From £19,870
Despite the choppy ride and high pricing, the Vauxhall Zafira Tourer is versatile, well-finished and drives well.
Richard Bremner Autocar
29 January 2012

What is it?

It’s a measure of the car-makers’ faith in down-sizing that a mere 1.4 litres can be asked to haul along a sizeable MPV of seven seats and modestly luxurious interior.

More than that, this 1.4 petrol turbo costs more than the entry-level 1.8 despite offering the same 138bhp. The logic of this becomes soon apparent when you discover that it provides a sixth gear, more torque to pull it, stronger performance, better economy and emissions of 158g/km instead of 169g/km.

What's it like?

The reality is as convincing as the numbers, too. There’s a good spread of power to work with from low down to over 5000rpm,and if the engine gets a little resonant as it nears the 6000rpm rev limiter, there’s rarely much need to venture there.

That’s not because you won’t want to use the turbo’s go either, one of the most surprising plusses of this bigger Zafira being its deft way with corners. The lack of body roll is impressive for a relatively tall machine, so is its grip and chassis balance and you’ll enjoy fluidly precise steering that subtly encourages you to take advantage of its abilities.

Unfortunately there is a trade-off, the ride sometimes turning pattery and unsettled, although the suspension deals with bigger crests and dips effectively.

Another fine feature, and one more expected in such a machine, is what Vauxhall calls lounge seating, the outboard seats of the middle row sliding in-board and closer to a folded middle seat whose backrest bolsters cleverly double as armrests.

Should I buy one?

The result is a very practical and versatile machine that’s pleasant to sit in – unless you’re a bigger kid banished to row three – well-finished and almost as engaging a drive as Ford’s S-Max. A shame it’s so pricey, and short of sat nav and Bluetooth connectivity too.

Vauxhall Zafira Tourer SE 1.4 Turbo

Price: £24,005; Top speed: 126mph; 0-62mph: 9.9sec; Economy: 44.8mpg; Co2: 148g/km; Kerbweight: 1571kg; Engine: 4-cyls in-line 1364cc; Power: 138bhp at 4900-6000rpm; Torque: 148lb ft at 1850-4900rpm; Gearbox: 6-spd manual.

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Another traveller 5 February 2012

Re: Vauxhall Zafira Tourer

Oilburner 1 February 2012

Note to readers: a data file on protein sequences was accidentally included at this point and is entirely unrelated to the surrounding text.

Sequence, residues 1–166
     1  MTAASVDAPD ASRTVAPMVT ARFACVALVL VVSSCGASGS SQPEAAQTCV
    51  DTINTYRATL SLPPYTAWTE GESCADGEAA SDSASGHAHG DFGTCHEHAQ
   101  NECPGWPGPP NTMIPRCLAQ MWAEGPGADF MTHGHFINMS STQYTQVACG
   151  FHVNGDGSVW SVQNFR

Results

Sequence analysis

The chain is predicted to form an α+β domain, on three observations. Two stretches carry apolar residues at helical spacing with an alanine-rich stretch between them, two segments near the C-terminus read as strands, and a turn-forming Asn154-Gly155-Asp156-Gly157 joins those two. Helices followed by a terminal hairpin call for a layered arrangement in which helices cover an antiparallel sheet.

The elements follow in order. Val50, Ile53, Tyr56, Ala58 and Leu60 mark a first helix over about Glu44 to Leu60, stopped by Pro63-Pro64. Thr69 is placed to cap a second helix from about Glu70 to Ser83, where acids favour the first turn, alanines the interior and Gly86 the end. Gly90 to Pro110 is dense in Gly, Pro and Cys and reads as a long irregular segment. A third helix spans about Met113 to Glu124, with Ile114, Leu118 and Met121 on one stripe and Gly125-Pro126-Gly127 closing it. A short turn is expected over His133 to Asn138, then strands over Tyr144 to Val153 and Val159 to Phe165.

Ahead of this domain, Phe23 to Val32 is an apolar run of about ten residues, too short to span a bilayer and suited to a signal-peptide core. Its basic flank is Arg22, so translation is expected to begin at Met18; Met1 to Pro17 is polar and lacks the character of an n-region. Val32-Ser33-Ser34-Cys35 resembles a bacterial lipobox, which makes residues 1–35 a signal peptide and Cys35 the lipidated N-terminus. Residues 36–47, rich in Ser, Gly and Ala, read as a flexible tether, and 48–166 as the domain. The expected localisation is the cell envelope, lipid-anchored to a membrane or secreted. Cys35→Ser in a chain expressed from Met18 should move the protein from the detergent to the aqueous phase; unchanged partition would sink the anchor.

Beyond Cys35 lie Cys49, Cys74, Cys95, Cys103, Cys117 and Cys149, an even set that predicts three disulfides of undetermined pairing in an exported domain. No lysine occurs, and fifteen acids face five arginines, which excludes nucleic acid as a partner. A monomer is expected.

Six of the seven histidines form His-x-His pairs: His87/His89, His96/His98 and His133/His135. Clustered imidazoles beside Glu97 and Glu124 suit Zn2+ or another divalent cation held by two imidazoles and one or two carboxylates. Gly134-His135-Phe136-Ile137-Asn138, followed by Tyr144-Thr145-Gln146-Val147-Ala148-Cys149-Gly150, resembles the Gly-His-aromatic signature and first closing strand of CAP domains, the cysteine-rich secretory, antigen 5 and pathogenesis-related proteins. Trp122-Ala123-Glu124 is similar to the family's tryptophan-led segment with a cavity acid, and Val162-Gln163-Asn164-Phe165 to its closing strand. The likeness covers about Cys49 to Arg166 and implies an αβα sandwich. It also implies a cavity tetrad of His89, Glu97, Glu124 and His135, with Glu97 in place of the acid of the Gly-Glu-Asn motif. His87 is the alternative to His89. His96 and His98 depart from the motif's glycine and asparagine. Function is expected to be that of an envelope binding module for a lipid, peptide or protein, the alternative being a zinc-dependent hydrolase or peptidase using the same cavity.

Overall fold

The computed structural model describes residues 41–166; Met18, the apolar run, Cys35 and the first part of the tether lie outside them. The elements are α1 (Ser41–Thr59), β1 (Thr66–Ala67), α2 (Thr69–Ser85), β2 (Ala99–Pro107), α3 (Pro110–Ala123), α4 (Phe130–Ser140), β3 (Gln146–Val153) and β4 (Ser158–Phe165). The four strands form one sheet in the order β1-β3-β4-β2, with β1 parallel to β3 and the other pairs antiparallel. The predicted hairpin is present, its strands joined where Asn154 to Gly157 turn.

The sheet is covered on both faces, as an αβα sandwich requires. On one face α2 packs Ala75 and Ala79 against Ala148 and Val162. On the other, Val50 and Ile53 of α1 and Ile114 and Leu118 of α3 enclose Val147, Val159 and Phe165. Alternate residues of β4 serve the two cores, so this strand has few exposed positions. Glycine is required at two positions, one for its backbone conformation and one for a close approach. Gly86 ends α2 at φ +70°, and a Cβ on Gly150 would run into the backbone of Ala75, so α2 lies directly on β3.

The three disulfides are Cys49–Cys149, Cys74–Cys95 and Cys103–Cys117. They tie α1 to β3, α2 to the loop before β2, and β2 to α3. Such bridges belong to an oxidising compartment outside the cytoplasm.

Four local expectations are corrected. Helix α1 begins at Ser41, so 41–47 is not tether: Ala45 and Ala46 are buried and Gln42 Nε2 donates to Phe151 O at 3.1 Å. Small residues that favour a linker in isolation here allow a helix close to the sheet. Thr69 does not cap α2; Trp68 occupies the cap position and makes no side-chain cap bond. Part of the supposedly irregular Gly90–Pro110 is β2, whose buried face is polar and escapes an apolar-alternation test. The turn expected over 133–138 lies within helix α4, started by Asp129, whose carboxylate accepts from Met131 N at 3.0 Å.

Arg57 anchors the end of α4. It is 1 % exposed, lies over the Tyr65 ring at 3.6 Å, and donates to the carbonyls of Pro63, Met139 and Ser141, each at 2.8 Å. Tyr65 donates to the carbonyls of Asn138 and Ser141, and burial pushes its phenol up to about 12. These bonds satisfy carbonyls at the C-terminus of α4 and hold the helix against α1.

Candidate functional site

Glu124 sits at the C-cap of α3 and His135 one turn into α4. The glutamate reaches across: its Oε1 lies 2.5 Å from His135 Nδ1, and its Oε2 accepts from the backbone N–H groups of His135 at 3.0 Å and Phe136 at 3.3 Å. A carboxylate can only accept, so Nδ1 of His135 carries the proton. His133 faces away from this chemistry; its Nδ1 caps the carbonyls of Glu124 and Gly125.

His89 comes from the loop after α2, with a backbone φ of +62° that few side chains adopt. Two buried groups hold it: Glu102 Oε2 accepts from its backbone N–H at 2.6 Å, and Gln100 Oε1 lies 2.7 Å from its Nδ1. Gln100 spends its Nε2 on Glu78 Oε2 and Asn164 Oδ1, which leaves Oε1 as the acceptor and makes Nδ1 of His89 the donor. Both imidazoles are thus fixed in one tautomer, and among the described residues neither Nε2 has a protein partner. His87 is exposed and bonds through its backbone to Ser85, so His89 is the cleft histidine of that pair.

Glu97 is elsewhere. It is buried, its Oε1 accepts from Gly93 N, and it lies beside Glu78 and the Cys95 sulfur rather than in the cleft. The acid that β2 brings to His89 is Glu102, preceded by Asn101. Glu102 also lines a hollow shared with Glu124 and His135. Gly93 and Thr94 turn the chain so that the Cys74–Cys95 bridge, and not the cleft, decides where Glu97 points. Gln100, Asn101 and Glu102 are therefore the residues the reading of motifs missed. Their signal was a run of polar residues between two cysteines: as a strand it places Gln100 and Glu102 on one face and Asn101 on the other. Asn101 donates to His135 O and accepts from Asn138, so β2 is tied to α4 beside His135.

Re: Vauxhall Zafira Tourer

jmd67 wrote:
Does anyone know how these small capacity high output engines handle big mileages compared to the much less stressed 1.8 and 2.0 versions.

You know, over in America (for example), they think that 2.0 litres is a tiny, stressed engine that can't handle big mileages. We know that not to be true...

Is there any reason why a 1.4T should be any more stressed, whatever that specifically means?

Surely as long as the engine is producing no more power than it was designed to do, then it's not stressed, is it?

What specifically is it that people think will fail on these new downsized engines? Because, as we all know, modern engines these days are very reliable, apart from the extras like high pressure direct fuel injection, DPFs etc that they get lumbered with. Just adding a regular turbo to a proven engine block shouldn't be an issue, should it?

Lee23404 31 January 2012

Re: Vauxhall Zafira Tourer

catnip wrote:

Citytiger wrote:
Maxycat wrote:
catnip wrote:
On another note, I wonder why they didn't give this larger model a name of its own...'Sintra' would have been a good one.
I seem to remember that "Sintra" was a flop in sales terms, but cannot remember what years that was. Did not Vauxhall make a "Royale" version of one of their large cars once?

From what I remember the Sintra was an American mpv that was imported by Opel/Vauxhall to compete with the mk1 Galaxy, however I think ncap rated it as dangerous and it was quietly withdrawn.

It certainly was. I just thought it would have been amusing if Vauxhal had released this new model with that moniker.

The Sintra was a compete sales disaster for Vauxhall, not helped by what I seem to remember was a 1 star euroncap score and a very poor reliability record. I'm not surprised they aren't using that name.